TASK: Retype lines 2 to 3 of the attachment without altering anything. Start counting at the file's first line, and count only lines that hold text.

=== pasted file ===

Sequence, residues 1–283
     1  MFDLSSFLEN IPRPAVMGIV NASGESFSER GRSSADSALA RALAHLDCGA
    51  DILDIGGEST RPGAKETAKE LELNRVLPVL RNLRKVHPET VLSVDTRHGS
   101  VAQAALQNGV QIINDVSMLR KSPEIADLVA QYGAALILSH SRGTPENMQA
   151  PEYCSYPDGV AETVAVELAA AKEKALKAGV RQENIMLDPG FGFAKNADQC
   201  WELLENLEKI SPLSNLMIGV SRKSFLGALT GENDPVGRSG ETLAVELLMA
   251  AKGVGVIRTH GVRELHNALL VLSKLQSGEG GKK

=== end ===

     1  MFDLSSFLEN IPRPAVMGIV NASGESFSER GRSSADSALA RALAHLDCGA
    51  DILDIGGEST RPGAKETAKE LELNRVLPVL RNLRKVHPET VLSVDTRHGS